White wine preserved much better than red (that is to say, for a lot longer), but the same findings held true -- that the fancy schmancy stuff didn't actually improve longevity.
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Rob C
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« Reply #15 on: December 20, 2007, 07:00:43 AM »
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While some of their conclusions are suspect (to me), Consumer Reports did some double blind testing of the various wine preservation systems about a year ago.  Basically they noted that, over the course of a day or two, that nobody could tell a difference whether you just jammed the cork back in overnight or used some fancy Argon anaerobic preservation system -- both tasted good.  And, for red wine, after a week, both tasted bad.  So really the preservation technique doesn't matter.

White wine preserved much better than red (that is to say, for a lot longer), but the same findings held true -- that the fancy schmancy stuff didn't actually improve longevity.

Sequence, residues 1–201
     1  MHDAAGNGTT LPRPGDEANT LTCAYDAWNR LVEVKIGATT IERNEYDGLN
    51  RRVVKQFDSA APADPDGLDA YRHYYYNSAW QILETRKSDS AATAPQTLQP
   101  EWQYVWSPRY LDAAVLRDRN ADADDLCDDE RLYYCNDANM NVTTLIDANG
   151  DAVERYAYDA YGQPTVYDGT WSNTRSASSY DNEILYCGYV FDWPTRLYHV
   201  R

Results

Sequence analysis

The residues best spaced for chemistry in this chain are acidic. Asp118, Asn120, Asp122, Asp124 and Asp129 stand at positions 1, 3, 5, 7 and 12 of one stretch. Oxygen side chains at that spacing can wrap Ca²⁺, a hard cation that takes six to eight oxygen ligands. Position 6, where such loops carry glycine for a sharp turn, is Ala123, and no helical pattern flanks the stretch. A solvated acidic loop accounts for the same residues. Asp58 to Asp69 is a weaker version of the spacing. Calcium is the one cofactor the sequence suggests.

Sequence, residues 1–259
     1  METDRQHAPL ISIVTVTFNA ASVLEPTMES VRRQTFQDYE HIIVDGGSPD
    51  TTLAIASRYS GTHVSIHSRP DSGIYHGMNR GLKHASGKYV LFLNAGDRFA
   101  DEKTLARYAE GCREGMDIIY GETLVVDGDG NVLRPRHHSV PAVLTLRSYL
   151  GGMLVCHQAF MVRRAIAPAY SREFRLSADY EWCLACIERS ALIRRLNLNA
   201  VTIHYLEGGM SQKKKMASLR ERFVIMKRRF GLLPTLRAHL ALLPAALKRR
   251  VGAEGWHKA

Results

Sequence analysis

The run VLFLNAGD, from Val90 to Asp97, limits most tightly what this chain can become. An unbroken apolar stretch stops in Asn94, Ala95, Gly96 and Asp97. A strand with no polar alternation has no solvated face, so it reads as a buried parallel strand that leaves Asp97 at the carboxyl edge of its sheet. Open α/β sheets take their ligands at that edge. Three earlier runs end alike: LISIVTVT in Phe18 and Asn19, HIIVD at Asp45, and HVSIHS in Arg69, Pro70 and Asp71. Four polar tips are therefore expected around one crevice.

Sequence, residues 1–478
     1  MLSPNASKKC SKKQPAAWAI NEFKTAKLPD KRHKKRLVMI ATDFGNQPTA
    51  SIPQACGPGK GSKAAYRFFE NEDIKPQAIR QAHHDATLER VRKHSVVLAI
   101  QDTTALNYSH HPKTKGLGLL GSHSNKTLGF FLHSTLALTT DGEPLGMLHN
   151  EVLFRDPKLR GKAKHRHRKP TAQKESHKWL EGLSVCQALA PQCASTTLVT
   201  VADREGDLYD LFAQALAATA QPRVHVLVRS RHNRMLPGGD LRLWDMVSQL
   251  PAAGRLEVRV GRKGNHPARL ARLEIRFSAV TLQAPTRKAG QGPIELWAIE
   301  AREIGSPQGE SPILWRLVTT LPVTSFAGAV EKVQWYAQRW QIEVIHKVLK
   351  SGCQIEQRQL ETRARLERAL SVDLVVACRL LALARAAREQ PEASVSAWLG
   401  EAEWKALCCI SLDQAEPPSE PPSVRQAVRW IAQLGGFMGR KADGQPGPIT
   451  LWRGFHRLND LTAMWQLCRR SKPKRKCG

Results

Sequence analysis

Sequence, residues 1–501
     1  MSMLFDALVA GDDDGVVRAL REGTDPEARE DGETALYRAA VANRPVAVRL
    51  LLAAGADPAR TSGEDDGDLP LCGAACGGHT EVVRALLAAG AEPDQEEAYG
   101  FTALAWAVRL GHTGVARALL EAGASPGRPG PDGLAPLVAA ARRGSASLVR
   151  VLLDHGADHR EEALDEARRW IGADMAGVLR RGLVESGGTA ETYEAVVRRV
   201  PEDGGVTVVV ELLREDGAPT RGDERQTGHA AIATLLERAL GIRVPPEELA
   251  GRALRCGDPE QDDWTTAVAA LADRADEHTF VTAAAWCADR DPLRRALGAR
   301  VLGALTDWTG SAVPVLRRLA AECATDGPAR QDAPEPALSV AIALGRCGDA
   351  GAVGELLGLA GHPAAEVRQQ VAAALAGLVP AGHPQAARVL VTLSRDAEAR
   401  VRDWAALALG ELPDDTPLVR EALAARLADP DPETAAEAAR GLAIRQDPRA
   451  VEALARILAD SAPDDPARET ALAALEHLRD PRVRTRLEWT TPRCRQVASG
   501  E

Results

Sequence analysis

[a href=\"index.php?act=findpost&pid=161965\"][{POST_SNAPBACK}][/a]

Which simply proves the point that wine is for the drinking. Hick...uhh..hick!

Rob C
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Jonathan Wienke
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« Reply #16 on: December 20, 2007, 11:54:43 AM »
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I've never let the bottle go more than a day or two before finishing it, so sticking the cork back in (whichever end I can get to fit) works just fine for me. And eiswein comes in 375ml bottles, which are much easier to finish off in one sitting anyway...
« Last Edit: December 20, 2007, 11:55:51 AM by Jonathan Wienke » Logged

Schewe
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« Reply #17 on: December 20, 2007, 11:59:57 AM »
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but the same findings held true -- that the fancy schmancy stuff didn't actually improve longevity.
[{POST_SNAPBACK}][/a]

Which is why I said just stuff the cork back in the bottle. But last night my wife had an episode with a nice vintage Port...(which has a different sort of cork that is designed for removal and replacement). The darn top came off. It was bloody hell getting the rest of the cork out because at least with Ports, the cork isn't in tight enough to use a cork puller.